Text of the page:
Once a year, a tribe of cats known as the jellicles led by Old Deuteronomy (Judi Dench) gather to make what is known as "the Jellicle choice". They decide which cat will ascend to the Heaviside Layer to a new life. Many compete for the honour including Rum Tum Tugger (Jason Derulo), Jennyanydots (Rebel Wilson), newbie Victoria (Francesca Hayward) and the dastardly Macavity (Idris Elba). And what of the lonely and neglected Grizabella (Jennifer Hudson)?

Within minutes of watching ‘Cats’, I wanted to leave the theatre. I quite like people, and cats, but these cat-human things that were first introduced in the ‘Cats’ trailer – which caused a furore when it was released last July as many experienced the uncanny valley regarding the design of the character – were seriously weirding me out. They’re singing something about jellicles and all I can think of is the heebie jeebies. In fact, the last time I felt this level of consistent discomfort through a film was ‘The Shining’, that’s how deep the sense of horror and anticipation that it could get worse ran.

Of course, it’s a cast full of contemporary pop singers such as Jason Derulo and Taylor Swift, as well as world-class dancers and Broadway performers. As a result, the singing and dancing are top notch. However their faces and bodies (human-shaped but disconcertingly naked and furry – when Idris Elba removes his coat, one is particularly appalled) are so disturbingly weird that one is consistently distracted and can’t settle in to enjoy the performances.

Derulo fares slightly better than most, perhaps because he puts less effort into acting and moving like a cat than the over-zealous chorus, but most of the numbers, as well as being too strange to enjoy, are just plain dull. You’ve Rebel Wilson making jokes about being fat, rolling around, stretching and scratching her groin (also is it just me, or can she really not sing?), while James Corden just does his singing, joking, generally being oafish, James Corden thing. Hayward, while a beautiful dancer, has little to do aside from fancy ballet moves and a little singing, and while Hudson is extraordinary in her cover of the famous ‘Memories’, it takes so long to get to the song that it’s hard to be moved. You’ve already well checked out of the movie emotionally and psychologically by that stage, if only to preserve your sanity.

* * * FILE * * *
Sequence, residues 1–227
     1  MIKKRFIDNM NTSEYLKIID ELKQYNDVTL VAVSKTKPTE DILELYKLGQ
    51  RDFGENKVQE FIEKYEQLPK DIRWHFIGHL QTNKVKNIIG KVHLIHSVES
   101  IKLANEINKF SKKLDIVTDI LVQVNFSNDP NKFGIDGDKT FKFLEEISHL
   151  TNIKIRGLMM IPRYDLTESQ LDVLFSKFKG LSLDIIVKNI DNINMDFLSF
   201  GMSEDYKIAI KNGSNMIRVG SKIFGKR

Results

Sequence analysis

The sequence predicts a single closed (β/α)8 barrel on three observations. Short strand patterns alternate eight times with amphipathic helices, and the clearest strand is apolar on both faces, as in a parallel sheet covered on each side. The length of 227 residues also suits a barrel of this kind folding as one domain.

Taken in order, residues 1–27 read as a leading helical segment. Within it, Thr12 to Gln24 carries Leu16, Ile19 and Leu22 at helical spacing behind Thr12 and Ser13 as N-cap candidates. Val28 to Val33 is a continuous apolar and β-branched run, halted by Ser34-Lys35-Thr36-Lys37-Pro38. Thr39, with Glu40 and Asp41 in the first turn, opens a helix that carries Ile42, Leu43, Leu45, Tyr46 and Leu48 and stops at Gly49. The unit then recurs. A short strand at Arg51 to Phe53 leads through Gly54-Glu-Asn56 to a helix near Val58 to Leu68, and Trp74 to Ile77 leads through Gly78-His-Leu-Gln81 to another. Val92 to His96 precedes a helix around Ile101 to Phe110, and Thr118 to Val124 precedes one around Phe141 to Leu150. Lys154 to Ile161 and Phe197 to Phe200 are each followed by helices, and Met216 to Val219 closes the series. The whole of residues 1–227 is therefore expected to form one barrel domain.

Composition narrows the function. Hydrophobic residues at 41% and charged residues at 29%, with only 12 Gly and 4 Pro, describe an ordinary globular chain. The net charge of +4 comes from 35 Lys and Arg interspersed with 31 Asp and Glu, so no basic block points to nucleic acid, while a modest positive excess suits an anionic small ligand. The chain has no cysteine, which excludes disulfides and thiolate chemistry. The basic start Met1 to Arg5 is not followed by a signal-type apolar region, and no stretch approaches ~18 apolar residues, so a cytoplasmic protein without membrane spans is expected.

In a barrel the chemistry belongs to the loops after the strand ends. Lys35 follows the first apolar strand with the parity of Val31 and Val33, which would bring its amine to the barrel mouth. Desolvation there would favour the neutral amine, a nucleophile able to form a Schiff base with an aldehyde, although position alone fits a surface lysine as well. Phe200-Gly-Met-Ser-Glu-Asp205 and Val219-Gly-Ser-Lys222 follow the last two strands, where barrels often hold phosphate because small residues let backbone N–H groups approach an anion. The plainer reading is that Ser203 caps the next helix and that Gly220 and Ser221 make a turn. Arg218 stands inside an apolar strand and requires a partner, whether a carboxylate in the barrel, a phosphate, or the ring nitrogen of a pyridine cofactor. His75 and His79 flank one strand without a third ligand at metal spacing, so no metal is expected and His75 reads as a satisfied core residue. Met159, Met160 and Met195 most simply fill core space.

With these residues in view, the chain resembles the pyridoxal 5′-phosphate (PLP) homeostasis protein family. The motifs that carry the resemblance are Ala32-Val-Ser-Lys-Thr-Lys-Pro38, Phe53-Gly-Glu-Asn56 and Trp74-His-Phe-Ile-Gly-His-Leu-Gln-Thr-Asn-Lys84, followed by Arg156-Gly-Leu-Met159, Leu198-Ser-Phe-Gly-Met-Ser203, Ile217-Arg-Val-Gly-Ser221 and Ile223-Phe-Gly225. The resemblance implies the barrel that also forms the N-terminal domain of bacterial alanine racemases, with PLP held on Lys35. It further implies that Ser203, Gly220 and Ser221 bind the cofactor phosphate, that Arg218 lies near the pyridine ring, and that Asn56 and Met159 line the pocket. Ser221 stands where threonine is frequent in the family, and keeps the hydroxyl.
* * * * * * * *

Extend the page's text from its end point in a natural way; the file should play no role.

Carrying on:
The main issue with ‘Cats’, in this writer’s opinion anyway, is the chorus, as this is where the creepy cat-person design is more apparent than ever. They move around in a slithering mass akin to the monster of a horror film. One starts to get used to the aesthetic and then someone’s ears or tail will do a weird movement, moving of its own consciousness, and you’re grossed out all over again.

Aside from the fact that the narrative just seems to be about introducing characters, they do a little song and dance, then disappear for a while and either blend into the chorus, re-emerge later for another number, or just vanish outright – which gets incredibly boring, by the way – there are so many surreal creative decisions in ‘Cats’ that one finds themselves constantly faced with the question “what the hell am I even watching?” There’s the fact that Ray Winstone is in the cats cast for some reason. He sings one line and then is cut off, because he can’t sing I guess? Then there’s the fact that children play the mice. So does that mean the adult human-cats eat the children-mice? That’s too close to infanticide for comfort. And then there’s the smoothing down of everyone’s umm, parts, which begs further questions about biological functions and you’re sitting there in the cinema thinking, “why am I even thinking about this? Amn’t I supposed to be watching a movie?”

In summary, ‘Cats’ is not just as creepy as you think it’ll be, it’s creepier, and you can’t even enjoy it on a “so bad it’s good” level because it’s unbelievably boring as well. It is the most baffling cinematic experience I’ve had in a long time and it just doesn’t need to exist.